The DVD guy is an essential part of modern living. Netflix and chill are eating into DVDs market but for many Kenyans series, movies are not yet streamed but rather got at fifty bob a DVD.
Books are more my fix but man shall not live on writings alone, right? So I do have a DVD guy who sorts my ‘mindless o’clock’ needs. Latest visit to DVD shop inspired this snippet.
Late on the Elementary series bus but now that I on it I am hooked. As I waited for an episode to be ‘burned’ I watched the DVD guy side hustle as a ganja seller.
Sale one. Six girls. All of at most 21 probably younger. 3 roughly 5 months pregnant. 2 in tank tops and hot pants. Interesting bevy. Even more interesting was their brazen purchase.
“Let us see the stuff. It’s too slim. Let’s call Benja, his stuff is fatter. No let’s get these then we see. Ok, is it local or international? We want five. You have 3 only? What peddler doesn’t have stock?” One could never have guessed ganja is illegal in Kenya. The girls could easily have been buying tomatoes from Mama Mboga.
Sale two. Group of boys. High school. Probably form two at most. 16 years. They stood outside. Need looking kid did the buying. More discrete.
“You have? Cool.” Then money was passed and then stuff was passed across. One would not guess they have just bought weed.
Curious me window shopped. Apparently local is Kenyan weed or according to parlance Kush ( for Kushingpeng) and it costs 30 bob a joint. International is Ethiopian or according to parlance Shash (for shashamane) and it costs 50 a joint. The prices are adjusted upwards based on a buyer’s looks or street smarts.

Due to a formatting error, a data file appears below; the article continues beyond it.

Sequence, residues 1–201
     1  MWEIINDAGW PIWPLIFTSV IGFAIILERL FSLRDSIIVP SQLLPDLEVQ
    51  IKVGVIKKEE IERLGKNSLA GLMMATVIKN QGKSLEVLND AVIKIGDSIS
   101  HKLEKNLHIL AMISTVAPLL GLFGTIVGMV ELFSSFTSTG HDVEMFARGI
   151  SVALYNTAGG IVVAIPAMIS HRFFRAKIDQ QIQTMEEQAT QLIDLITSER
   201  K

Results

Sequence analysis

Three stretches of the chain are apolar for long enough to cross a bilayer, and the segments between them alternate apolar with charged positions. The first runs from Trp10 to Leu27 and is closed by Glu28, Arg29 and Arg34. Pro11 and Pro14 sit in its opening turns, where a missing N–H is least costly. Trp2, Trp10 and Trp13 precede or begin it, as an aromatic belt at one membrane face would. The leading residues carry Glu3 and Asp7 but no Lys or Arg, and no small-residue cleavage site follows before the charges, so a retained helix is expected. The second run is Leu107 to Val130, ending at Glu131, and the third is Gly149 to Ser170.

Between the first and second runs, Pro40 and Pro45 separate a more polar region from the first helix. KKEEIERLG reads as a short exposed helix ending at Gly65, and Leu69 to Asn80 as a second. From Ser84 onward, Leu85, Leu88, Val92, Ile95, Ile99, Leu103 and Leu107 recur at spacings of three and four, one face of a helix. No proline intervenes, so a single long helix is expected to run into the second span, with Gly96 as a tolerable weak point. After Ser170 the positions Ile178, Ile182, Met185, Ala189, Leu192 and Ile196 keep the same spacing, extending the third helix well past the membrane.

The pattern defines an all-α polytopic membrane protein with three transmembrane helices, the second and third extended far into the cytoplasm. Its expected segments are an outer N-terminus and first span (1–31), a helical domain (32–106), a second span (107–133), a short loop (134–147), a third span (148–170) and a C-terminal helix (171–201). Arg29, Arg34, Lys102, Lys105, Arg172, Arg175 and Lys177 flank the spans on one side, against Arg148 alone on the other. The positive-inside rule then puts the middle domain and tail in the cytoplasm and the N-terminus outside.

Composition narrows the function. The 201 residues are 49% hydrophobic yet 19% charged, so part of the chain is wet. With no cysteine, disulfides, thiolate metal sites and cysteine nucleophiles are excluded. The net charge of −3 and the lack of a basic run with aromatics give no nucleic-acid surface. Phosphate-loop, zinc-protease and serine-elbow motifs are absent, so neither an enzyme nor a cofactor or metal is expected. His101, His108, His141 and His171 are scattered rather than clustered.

A decade and a half ago bhang was the drug of choice for social misfits.
Stereotype of a weed smoker was an unkempt man with untidy dreads who probably listened to reggae. Peddlers were in the off-the-way places – car wash guys, rubbish heap with parking boys selling etc. A whiff of bhang was as rare as the sighting of a five shilling note.
Something happened – I do not know what – and weed became cool.
A joint suddenly was just the thing to spice up a house party and shortly thereafter cookies, brownies, muffins were cooked with weed. This pulled the ladies in and kufumba na kufumbua smoking weed in Kenya has became as normal as smoking a cigarette. And the age of weed smokers is decreasing rapidly. 14 year olds just done with KCPE are puffing away.
But Kenyan law has not moved an inch and in the eyes of the law bhang is a ‘hard’ drug with serious ramifications.
In Kenya Bhang is denoted as a narcotic drug under the Narcotic Drugs and Psychotropic Substances Act No.4 of 1994. An example of the dim view the law takes on bhang, Section 2a gives the sentence for possession for own use as 10 years.
A decade in jail is what the buyers I observed were dabbling in. As for the enterprising DVD seller with a ‘cool’ side hustle he was dabbling with a trafficking charge which is SERIOUS crime.
The norm in Kenya is to bury our heads in the sand and also play the moral card in regard to any vice. The ‘hypercritical conservative-ness’ helps no one and at some point after a lengthy duration ‘we’ are ‘sufficiently shocked’ at the extent of the reach whatever it is that was being ignored as it went on.
Many governments in countries abroad are having to redo their laws in as for as bhang is concerned motivated by reports of medicinal value of weed as well as the allure of huge taxes to be got.
NACADA, KFCB, etc all screaming morality notwithstanding, I reckon Kenya has to have the ‘legalize or not’ conversation about bhang sooner rather than later.
GOD BLESS KENYA!